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Sanjay Dinesh Kala v/s Union of India


Company & Directors' Information:- THE INDIA COMPANY PRIVATE LIMITED [Active] CIN = U74999TN1919PTC000911

Company & Directors' Information:- INDIA CORPORATION PRIVATE LIMITED [Active] CIN = U65990MH1941PTC003461

    Criminal Appeal No. 603 of 1999

    Decided On, 30 September 1999

    At, High Court of Delhi

    By, THE HONOURABLE MR. JUSTICE S.K. AGARWAL

    For the Appearing Parties: H.J.S. Ahluvalia, Harjinder Singh, J. Sethi, R.K. Jain, Advocates.



Judgment Text

S. K. AGARWAL, J.


(1) THE petitioner by this petition has challenged the detention order dated 23rd April, 1999 passed by the Commissioner of Police under sub-section (2) of Section 3 of the National Security Act, 1980, (for short the Act) with a view to preventing him from acting in any manner prejudicial to the maintenance of public order.


(2) WE have heard learned counsel for the parties. Mr. R. K. Jain, Sr. Advocate appearing on behalf of the petitioner argued that the impugned order is liable to be quashed on the ground that on 23. 4. 1999 the petitioner was in jail when the order of detention was passed; that there was no material before the detaining authority to show that there was an imminent possibility of the petitioner being released on bail; and that in the grounds of detention a case FIR No. 680 dated 23. 12. 1997 under Section 324/307/34 Indian Penal Code PS Subzi Mandi, Delhi was shown to be pending trial, whereas the petitioner had already been acquitted in the said case on 9th April, 1999. Mr. H. J. S. Ahluwalia, learned counsel for the respondents, in reply argued that though the petitioner was in jail even then he was terrorising and deterring people to come forward to give evidence against him while conceding that the petitioner was already acquitted in the said case on the date of passing of detention order but the information regarding the acquittal was received later on that it would not have affected the subjective satisfaction of the detaining authority.


(3) ADMITTEDLY on the date of passing of the detention order the petitioner was in jail and that in the grounds of detention one of the case against the petitioner was shown to be still pending trial, whereas in fact, he was already acquitted in that case.


(4) LAW regarding the passing of the detention order against the persons who are already in jail, is well settled by several authoritative pronouncements. Supreme Court in the case of Shri Dharmendra Suganchand Chelawat Vs. Union of India and Ors. JT 1990 (1) S. C. 184, after considering several earlier decisions culled out the following principles :-


" The decisions referred to above led to the conclusion that an order for detention can be validly passed against a person in custody and for that purpose it is necessary that the grounds of detention must show that (i) the detaining authority was aware of the fact that the detenu is already in detention: and (ii) there were compelling reasons justifying such detention despite the fact that the detenu is already in detention. The expression "compelling reasons" in the context of making an order for detention of a person already in custody implies that there must be cogent material before the detaining authority on the basis of which it may be satisfied that (a) the detenu is likely to be released from custody in the near future and (b) taking into account the nature of the antecedent activities of the detenu, it is likely that after the release from custody he would indulge in prejudicial activities and it is necessary to detain him in order to prevent him from engaging in such activities. " (emphasis supplied)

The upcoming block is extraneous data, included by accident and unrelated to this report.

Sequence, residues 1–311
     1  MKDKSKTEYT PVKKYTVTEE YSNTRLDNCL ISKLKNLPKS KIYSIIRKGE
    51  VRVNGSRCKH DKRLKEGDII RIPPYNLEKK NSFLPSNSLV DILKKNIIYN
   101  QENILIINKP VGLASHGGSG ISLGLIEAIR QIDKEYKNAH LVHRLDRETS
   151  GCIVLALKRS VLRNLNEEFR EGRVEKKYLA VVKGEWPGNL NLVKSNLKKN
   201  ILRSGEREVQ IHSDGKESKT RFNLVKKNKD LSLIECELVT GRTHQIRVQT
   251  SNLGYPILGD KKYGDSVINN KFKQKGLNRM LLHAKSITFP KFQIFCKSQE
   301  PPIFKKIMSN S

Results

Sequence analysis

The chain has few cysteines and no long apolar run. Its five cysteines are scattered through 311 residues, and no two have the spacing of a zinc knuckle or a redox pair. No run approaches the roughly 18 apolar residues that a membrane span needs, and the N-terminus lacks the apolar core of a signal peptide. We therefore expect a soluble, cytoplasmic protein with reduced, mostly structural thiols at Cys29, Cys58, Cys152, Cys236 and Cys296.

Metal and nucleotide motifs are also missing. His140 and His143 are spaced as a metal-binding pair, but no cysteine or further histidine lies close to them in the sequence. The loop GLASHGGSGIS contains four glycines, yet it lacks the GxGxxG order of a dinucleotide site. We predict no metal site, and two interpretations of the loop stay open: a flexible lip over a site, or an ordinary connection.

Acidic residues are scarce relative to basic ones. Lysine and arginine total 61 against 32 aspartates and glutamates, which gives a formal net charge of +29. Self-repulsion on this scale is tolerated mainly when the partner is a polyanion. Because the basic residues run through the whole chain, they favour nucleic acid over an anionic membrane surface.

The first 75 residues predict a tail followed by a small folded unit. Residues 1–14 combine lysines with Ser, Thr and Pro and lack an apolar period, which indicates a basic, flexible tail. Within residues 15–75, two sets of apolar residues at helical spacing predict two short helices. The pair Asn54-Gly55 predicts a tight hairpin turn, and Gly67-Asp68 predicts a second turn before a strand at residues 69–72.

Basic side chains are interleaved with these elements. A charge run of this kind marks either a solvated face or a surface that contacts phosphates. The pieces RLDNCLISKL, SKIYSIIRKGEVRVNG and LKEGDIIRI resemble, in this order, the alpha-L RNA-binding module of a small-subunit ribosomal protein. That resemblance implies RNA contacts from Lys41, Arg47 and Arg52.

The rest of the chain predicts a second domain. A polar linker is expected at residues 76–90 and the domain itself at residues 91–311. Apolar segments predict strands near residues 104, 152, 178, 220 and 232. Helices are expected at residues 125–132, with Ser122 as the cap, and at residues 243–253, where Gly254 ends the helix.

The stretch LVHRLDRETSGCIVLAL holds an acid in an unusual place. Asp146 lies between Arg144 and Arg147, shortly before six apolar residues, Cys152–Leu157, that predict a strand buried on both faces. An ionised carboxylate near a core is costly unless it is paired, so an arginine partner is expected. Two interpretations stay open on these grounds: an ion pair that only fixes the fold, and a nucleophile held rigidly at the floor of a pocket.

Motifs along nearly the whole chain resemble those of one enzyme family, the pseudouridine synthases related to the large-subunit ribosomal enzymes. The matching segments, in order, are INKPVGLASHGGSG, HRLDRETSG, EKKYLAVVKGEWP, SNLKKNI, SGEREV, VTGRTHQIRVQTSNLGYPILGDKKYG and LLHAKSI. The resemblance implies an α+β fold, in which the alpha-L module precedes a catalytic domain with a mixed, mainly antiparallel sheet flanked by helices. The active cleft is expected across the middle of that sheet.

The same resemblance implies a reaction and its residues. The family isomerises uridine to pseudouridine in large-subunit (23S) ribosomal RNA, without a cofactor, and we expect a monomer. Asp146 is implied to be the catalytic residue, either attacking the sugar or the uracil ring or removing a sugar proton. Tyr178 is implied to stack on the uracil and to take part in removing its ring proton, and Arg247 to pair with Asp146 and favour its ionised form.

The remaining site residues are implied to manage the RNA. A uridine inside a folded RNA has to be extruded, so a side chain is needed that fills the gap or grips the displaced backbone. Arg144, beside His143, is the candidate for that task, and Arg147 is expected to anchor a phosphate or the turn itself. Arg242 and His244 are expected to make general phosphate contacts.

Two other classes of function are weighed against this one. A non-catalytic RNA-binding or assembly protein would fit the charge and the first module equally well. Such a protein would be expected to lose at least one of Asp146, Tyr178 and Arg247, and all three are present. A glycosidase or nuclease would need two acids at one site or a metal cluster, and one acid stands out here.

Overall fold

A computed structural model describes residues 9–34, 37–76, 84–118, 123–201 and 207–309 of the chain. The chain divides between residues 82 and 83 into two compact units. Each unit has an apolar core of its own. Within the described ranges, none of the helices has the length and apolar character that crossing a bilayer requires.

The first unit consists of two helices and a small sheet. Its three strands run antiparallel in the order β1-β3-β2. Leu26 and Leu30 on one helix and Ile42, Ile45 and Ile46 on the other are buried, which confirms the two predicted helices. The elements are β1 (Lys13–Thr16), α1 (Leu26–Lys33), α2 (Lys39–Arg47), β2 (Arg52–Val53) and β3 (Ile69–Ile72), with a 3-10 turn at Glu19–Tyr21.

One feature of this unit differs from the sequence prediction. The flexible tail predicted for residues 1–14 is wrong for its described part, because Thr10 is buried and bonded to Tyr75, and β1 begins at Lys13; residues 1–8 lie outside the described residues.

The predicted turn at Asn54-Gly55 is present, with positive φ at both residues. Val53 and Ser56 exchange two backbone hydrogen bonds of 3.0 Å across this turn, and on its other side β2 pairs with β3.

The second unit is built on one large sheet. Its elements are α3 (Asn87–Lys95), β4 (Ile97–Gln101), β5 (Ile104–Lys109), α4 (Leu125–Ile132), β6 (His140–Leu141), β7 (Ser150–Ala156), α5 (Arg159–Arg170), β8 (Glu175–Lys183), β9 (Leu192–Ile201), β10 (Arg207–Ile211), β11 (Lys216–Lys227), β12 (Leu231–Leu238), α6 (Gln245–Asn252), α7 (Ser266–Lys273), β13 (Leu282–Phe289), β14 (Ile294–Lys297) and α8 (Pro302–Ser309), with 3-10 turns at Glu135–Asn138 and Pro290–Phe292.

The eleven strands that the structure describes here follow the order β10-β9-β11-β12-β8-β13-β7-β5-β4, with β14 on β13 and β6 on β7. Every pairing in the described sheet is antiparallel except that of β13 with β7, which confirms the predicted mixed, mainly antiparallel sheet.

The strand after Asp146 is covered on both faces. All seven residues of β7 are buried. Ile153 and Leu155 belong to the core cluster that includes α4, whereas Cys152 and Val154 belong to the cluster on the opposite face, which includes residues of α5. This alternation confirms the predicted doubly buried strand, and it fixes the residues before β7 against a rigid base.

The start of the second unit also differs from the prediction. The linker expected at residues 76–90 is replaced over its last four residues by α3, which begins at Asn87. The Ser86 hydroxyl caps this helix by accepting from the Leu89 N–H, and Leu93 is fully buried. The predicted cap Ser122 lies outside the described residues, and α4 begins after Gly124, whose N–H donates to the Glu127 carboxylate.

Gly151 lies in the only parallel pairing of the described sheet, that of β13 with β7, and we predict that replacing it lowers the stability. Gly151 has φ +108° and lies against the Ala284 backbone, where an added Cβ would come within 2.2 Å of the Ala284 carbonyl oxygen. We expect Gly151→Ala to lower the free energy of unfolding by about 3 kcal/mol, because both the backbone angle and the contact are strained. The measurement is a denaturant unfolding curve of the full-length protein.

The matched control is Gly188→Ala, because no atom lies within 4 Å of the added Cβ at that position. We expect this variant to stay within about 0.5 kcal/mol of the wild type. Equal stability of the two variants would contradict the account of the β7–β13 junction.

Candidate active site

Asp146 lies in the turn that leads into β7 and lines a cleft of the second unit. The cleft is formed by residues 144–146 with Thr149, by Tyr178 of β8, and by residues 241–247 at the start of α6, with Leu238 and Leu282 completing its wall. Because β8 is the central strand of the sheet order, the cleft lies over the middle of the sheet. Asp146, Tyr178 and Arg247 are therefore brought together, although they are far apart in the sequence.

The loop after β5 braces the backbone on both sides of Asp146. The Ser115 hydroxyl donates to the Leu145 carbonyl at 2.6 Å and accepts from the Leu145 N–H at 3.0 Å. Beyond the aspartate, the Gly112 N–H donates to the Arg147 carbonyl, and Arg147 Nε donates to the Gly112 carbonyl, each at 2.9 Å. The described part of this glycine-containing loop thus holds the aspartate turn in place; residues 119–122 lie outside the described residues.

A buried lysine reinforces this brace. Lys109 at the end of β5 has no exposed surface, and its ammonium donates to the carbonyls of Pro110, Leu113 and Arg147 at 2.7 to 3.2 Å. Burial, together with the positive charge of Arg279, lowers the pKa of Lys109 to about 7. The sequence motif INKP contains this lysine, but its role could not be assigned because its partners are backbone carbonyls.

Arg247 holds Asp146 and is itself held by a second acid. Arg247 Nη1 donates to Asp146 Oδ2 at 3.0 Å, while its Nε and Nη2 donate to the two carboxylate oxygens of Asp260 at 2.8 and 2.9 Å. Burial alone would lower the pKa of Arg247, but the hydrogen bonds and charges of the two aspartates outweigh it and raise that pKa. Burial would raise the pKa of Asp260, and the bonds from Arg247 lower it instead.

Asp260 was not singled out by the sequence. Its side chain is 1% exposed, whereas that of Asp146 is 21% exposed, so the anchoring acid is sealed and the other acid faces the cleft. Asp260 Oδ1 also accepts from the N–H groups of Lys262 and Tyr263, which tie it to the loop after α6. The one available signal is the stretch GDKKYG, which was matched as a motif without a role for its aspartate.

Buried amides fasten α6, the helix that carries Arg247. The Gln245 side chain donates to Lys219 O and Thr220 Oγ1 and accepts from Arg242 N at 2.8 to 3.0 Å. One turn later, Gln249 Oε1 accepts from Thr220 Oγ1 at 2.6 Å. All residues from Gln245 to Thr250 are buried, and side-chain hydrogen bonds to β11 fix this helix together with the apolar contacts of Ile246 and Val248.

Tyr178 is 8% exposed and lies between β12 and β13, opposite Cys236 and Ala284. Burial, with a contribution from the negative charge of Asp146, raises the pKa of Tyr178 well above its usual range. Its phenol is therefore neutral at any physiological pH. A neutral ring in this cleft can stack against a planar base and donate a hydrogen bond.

(5) IT must be clearly understood that the law of preventive detention is not punitive. As an abstract proposition of law there is no manner of doubt that Section 3 of the Act does not preclude the authority from passing an order of detention against a person while he is in jail. But the relevant facts in connection with the making of the order may differ and that would make difference in the application of the principle that the detention order can be passed against a person while he is in jail. It is obvious that before an authority can legitimately come to the conclusion that the detention of the person is necessary. It must record compelling reasons. There should be some material that the detenu was likely to be released in near future. In this case the detaining authority has not cared to enquire into as to in how many cases the petitioner was already granted bail and in how many cases the bail was refused and reasons for the same. In such like cases, before passing the detention order the first and the foremost condition that is required to be satisfied was that is there imminent possibility of the detenu being released on bail, which is missing in this case. Further in the grounds of detention one of the cases against the petitioner was wrongly shown as pending trial whereas he was admittedly acqu

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itted in the same 14 days prior to the passing of the detention order. It is no excuse that the information regarding his acquittal in that case was not made available to the detaining authority during this period. Thus the impugned order was passed on nonexistent ground. (6) IN view of the above the petition is allowed. The impugned order of detention is quashed. The petitioner is directed to be released forthwith if not required to be detained in any other case. No order as to costs.
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